• I made it for my own pleasure. It’s a subject that I love, that I made to hang in my own house. It’s for me.
  • I made it to learn and practice a technique, so I don’t feel it’s a piece that’s made as a saleable, quality piece.
  • I have no idea how long it took me to do, so I can’t honestly put a price to it. It took a long time, many, many hours, so I doubt anyone would be willing to pay what it’s worth. If you love embroidery, you know what I mean 🙂

I am honestly humbled by the interest this piece has attracted. But I’m also very inspired by knowing that I’m not the only one that loves to combine science and maths with art, craft and beauty.

And Jupiter really is a beautiful place.

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Balloon thoughts

I’m currently attempting to finish a large cross stitch. One that was begun (not by me) at least 5 years ago, but has since been in storage. The crosses in border were pretty much all done, then the crafter started on the leaves in the upper branches in the foreground when life intervened. After a couple of house moves it got kind of forgotten until I went on a ‘finish all unfinished things’ binge and it entered my sights.

The leaves ARE a slog. Thousands and thousands of crosses quarter stitches, all in blended threads, in groups of at MOST five stitches. But I’m slogging through it, determined not to start a new embroidery until this is done. I break it up a little, doing a bit of back stitching when the leaves get too much. Like this:

Peacock cross stitch detail
Peacock cross stitch detail

This is an older photo, I’ve actually progressed much further than this now. But still it’s been a long haul, and I’m hoping that once I’ve finished the leaves and go back onto the peacock, the background and the grasses underneath… that it will feel less like a chore.

And stitching shouldn’t feel like a chore. But although this is beautiful, the reason I’m not enjoying it is because it’s not my design. Now that I’ve a taste of making my own designs, I want to do more. My Jupiter embroidery was a labour of love, and I have so many more ideas ready to go…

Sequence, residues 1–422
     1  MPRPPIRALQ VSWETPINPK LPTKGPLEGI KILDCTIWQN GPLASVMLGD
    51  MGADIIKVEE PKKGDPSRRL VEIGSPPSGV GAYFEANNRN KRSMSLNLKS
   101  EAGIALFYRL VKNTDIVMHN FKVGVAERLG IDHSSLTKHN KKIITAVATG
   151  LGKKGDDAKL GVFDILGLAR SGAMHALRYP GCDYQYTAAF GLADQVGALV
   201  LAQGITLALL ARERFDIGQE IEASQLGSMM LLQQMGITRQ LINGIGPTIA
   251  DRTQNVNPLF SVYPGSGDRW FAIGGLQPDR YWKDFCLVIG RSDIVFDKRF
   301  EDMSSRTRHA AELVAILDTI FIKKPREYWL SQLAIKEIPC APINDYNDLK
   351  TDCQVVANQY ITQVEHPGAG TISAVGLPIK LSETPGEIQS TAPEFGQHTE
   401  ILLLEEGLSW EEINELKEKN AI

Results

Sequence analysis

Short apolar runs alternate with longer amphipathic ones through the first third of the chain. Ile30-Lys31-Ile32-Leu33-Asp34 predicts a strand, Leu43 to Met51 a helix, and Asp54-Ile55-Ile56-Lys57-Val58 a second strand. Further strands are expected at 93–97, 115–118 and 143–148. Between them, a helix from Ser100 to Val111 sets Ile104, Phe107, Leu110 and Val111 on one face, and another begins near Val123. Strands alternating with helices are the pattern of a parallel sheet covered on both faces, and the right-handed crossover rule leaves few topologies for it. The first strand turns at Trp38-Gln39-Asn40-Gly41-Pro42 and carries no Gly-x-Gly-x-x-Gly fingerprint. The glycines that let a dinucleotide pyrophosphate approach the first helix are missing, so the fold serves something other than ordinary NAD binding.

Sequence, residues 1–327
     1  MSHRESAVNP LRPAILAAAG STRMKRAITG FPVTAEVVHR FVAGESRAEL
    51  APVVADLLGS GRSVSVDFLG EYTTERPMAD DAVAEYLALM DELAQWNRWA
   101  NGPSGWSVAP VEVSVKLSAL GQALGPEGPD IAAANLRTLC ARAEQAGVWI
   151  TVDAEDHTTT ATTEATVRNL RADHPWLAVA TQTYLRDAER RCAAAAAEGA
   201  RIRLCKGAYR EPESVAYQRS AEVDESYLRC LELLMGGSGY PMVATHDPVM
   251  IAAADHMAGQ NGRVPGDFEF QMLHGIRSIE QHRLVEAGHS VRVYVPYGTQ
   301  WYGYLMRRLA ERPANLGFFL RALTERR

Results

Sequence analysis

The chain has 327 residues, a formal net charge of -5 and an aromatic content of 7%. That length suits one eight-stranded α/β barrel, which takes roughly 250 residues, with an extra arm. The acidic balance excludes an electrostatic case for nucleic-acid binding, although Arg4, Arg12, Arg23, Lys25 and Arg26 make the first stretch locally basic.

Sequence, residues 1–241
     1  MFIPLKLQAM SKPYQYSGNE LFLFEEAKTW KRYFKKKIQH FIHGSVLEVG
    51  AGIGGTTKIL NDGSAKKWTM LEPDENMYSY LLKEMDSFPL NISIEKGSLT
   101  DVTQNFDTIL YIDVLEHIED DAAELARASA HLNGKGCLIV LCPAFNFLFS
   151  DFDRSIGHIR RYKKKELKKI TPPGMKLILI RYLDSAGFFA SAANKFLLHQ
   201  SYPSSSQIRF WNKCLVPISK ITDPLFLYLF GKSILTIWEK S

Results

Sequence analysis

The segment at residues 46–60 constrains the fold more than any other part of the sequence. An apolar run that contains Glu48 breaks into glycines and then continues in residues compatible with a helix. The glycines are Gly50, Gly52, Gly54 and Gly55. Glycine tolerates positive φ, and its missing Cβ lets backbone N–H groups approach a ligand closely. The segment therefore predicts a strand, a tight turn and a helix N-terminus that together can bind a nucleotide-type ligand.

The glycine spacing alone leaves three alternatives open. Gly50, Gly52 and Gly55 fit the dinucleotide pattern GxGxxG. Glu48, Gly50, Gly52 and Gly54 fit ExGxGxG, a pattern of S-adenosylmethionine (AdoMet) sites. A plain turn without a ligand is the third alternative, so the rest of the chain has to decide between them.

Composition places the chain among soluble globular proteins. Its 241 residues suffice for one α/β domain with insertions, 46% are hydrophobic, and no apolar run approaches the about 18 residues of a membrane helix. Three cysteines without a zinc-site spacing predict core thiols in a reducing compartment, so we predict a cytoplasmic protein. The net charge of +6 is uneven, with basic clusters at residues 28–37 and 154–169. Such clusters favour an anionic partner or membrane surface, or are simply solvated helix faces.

The one I’m currently sitting on is the view out my window each morning: six or so hot air balloons over the yellow-blue skyline. Horizon of jumbled low buildings. A steeple.

I’ll get there.

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It begins (again)

It’s time to sink my teeth into blogging about my craft. I’ve blogged for years about my adventures in video games, but now that I’m not gaming as much, I’ve stopped blogging there. And I miss it.

But I’ve always *made* things. I’ve always had three projects on the go, and 400 more lined up in my mind. So I’m hoping to use this place as an informal documentation of my work, and my ideas: to keep track of it all.

I was diligent/regular in my last blog, posting two or three times a week. But as it got more popular I started to get bogged down in trying to make it perfect; investing hours in every post. The aim for this crafting blog is for it to be more of a sketch book: quick posts to record progress, to chart my ideas and inspiration, and take little snaps of finished objects.

Looking forward to filling this space with handmade 🙂